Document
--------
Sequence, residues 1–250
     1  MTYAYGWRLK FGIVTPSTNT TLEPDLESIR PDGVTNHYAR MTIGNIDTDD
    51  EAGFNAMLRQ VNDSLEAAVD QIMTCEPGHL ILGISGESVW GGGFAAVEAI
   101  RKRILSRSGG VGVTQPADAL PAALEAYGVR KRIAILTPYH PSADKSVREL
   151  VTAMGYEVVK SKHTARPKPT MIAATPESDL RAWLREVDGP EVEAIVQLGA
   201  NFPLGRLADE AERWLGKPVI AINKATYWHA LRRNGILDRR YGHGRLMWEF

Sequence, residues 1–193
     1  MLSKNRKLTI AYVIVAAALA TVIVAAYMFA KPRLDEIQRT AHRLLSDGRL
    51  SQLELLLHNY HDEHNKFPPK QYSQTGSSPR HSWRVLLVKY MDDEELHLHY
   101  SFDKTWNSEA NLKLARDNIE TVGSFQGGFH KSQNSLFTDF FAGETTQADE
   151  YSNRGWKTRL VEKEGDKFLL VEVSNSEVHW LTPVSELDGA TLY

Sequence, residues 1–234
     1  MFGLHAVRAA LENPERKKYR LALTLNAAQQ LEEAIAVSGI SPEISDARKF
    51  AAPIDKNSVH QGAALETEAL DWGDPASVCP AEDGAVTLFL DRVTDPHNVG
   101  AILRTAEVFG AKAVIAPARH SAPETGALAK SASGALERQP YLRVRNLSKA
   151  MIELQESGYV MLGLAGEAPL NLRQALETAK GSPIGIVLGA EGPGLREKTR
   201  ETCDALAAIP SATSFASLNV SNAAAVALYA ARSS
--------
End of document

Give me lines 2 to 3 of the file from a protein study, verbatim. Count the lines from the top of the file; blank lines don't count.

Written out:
     1  MTYAYGWRLK FGIVTPSTNT TLEPDLESIR PDGVTNHYAR MTIGNIDTDD
    51  EAGFNAMLRQ VNDSLEAAVD QIMTCEPGHL ILGISGESVW GGGFAAVEAI